Design on My Mind: 4.5.17
We recognize the name Baker as meaning quality in furniture. But what we don’t know is all the permutations this company has gone through and still, it comes out with wonderful furniture lines created by top designers. In 1893, the first piece of Baker Furniture was designed and created: a desk/bookcase in Grand Rapids, Michigan, by the company founder, Dutch immigrant Siebe Baker.
Siebe Baker’s son Hollis S. joined the company in 1910 and became president in 1925, just in time for the Art Deco movement. The Baker line helped launch the Modern Movement in furniture design shortly thereafter, when Joseph Urban (the famed designer of Mar a Lago for Marjorie Meriwether Post) was contracted to design bedroom furniture, as was Kem Weber.
The company always was ahead of the design curve, as you will see. In 1929, Baker came out with the Manor House line, a nod to the classics that copied antiques— the first brand in the U.S. to do so. Again, ahead of the design curve, Baker introduced Chinese Modern at the 1934 Chicago World’s Fair.
Meanwhile, Hollis S. had been amassing a fine collection of antiques, and in 1941, more than 1,500 of them were placed on display securing his position as one of the largest collectors of antiques in the world. At the end of the 1940s, Baker launched its Far East collection, the first truly Asian designed and manufactured furniture in the United States. The Palladian Collection, a tribute to museum originals, followed.
Finn Juhl got the 1950s off to a fun start by designing Baker’s first Danish Modern collection. In addition, the Milling Road line came out of the company’s purchase of the Grand Rapids Chair Co., which was a way to offer quality furnishings at a lower price point.
In 1961, Hollis’ son, Hollis M., became president and the expansion continued. Production expanded to Mockville, North Carolina, and the trend of French provincial and English furniture. In 1969, Baker was sold to Magnavox Inc. and then a series of other corporations, and the Baker family was no longer involved.
In 1972, Baker merged with a well-established trade showroom and became Baker, Knapp & Tubbs. It launched its Historic Charleston collection in 1976, one of its most successful. The ’80s introduced The Stately Home Collection and a partnership with John Sladino, another well-known designer.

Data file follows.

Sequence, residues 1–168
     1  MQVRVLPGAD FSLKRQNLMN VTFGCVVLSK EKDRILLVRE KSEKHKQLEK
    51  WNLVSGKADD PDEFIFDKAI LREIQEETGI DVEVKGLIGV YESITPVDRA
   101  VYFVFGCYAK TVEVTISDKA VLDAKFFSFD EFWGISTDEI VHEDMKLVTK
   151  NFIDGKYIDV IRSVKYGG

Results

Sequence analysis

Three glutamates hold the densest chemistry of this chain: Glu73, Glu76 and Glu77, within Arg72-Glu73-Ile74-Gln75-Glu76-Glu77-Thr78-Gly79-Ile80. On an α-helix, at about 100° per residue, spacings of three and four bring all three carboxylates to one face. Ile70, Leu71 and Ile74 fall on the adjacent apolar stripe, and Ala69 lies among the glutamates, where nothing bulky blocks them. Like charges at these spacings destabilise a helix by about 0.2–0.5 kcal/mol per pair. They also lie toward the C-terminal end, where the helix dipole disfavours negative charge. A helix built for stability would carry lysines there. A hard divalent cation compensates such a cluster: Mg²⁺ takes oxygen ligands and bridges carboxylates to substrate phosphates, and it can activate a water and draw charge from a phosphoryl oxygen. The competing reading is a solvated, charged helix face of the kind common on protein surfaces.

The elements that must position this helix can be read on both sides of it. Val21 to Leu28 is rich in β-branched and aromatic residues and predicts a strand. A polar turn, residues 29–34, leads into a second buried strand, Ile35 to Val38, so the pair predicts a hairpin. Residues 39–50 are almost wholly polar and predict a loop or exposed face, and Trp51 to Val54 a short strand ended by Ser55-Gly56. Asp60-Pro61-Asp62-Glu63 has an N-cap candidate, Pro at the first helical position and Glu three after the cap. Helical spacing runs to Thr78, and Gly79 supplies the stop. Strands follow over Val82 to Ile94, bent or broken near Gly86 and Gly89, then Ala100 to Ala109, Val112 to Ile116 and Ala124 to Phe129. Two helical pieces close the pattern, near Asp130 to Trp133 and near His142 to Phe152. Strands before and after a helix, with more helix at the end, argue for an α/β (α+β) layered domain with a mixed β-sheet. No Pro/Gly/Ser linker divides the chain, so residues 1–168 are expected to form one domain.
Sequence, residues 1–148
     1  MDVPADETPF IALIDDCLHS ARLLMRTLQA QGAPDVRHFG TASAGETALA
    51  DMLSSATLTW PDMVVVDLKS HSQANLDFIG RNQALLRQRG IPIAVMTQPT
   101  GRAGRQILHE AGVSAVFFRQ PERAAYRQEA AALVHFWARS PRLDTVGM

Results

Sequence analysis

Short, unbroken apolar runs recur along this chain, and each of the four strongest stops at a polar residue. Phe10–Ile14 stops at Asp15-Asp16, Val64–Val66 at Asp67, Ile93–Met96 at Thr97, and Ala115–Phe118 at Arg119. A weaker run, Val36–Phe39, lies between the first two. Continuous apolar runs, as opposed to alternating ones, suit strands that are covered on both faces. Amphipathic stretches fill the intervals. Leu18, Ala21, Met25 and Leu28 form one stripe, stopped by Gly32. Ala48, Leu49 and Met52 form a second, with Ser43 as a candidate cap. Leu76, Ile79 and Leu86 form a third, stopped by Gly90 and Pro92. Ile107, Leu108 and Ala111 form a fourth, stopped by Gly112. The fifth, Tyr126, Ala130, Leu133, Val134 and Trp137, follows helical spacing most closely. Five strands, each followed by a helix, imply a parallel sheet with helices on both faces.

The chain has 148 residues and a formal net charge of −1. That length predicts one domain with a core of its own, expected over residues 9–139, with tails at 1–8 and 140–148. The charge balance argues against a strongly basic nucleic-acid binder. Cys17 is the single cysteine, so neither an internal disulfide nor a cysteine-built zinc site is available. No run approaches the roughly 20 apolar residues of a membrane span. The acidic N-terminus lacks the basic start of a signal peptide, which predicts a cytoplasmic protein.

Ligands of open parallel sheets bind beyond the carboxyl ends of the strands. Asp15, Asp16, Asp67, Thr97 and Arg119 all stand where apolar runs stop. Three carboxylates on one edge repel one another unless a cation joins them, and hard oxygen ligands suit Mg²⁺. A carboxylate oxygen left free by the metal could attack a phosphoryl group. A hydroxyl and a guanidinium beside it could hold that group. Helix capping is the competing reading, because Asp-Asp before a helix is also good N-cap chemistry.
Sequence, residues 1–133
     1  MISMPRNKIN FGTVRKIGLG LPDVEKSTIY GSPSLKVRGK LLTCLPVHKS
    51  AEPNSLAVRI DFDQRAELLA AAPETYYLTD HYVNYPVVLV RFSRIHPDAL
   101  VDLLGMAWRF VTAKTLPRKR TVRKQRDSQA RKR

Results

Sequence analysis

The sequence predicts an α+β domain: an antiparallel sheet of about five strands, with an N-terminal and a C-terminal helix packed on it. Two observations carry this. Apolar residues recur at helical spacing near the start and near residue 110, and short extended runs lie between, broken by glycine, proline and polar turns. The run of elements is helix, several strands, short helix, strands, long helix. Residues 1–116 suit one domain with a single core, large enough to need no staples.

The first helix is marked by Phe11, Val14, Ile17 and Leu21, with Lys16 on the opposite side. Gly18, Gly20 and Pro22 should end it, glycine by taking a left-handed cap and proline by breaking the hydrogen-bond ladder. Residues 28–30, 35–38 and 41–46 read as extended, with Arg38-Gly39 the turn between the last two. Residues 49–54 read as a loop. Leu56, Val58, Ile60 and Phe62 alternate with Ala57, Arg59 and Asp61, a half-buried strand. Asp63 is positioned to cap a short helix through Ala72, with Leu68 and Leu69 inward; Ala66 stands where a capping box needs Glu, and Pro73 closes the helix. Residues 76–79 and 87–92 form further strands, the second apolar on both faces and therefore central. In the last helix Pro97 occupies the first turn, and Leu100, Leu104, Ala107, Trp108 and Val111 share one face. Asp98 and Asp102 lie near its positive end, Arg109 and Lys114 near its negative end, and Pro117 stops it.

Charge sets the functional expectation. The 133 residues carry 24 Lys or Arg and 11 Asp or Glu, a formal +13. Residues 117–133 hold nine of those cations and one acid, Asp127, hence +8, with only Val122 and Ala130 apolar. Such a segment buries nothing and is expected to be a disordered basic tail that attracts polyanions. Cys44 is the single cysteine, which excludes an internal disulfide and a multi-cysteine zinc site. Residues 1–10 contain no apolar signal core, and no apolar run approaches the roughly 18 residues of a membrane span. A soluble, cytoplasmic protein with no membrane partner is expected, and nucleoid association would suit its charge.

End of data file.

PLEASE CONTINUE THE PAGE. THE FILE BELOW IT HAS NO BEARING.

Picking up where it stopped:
In 1986, the Kohler plumbing family purchased Baker. As plumbers, they had little choice but to use interior designers to create the look of their product, including Barbara Barry, McMillen, Bill Sofield, Thomas Pheasant, Laura Kirar, Michael S. Smith and Jacques Garcia. This took the company truly global, with showrooms in Paris, Moscow, Singapore and China.
This year, Baker was sold to Hong Kong-based Samson Holding Ltd. for $35 million, marking the end of an era for this most American of furniture lines.
come to terms with … Louis XVI-style side chair
As you know, I love auctions. We are still sprucing up our Palm Beach condo, so I thought I would see what items I could win at the latest Leslie Hindman Palm Beach auction. Success! I purchased a Louis XVI-style, gilt-painted side chair. The description states: 19th century, having a carved lyre-form back and upholstered seat, raised on tapered fluted legs. Let’s discuss each part step by step, shall we?
→ 19th Century: Attributed to being manufactured at some time in the 1800s.
→ Louis XVI-style: My chair probably represents the later part of this period, which had a more neoclassical look, from 1774-1793.
→ Gilt-painted: Gold leaf has been applied to highlight certain areas of the carved wood on the chair.
→ Side chair: A chair without arms
→ Lyre-form back: Pierced splats in the back are in the shape of the musical instrument, the lyre.
→ Tapered fluted legs: Legs that decrease in size from top to bottom and are carved with shallow concave channels.
→ Upholstered seat: A cloth-covered seat
I love chairs and am a firm believer you can never have too many. This little gem most likely will be used as a pull up in our living room to add extra seating.
inside look: portraiture
Portraiture has been around since prehistoric times. People have always wanted to freeze time and record their images for posterity. Look at social media and the selfie craze!
What is so fascinating about capturing your image in a permanent way? For one thing, we like to think that portraits are not merely about physical appearance, but also about capturing personality. For another, we are amazed at one human’s ability to recreate the image of another. That is an enviable skill not everyone possesses—only the talented few.
About 10 years ago, I was approached by local artist and gallery owner Philip Slein about painting my portrait. I must admit the idea was daunting. My mother had my father’s portrait painted after he passed away, to display it in our family’s company headquarters. So the idea wasn’t completely foreign to me.
If I was going to have one done, Philip was the person to do it, I thought. He had painted several people I knew, and I loved his ability to really capture personality. So, a photo shoot ensued. The result is a 4-by-6-foot canvas that captures my love for life. I encourage you to take the plunge and freeze time on canvas just for the fun of it! It will make you smile every time you look at it.
Pictured: The Lola Chaise
Photo courtesy of KDR Designer Showrooms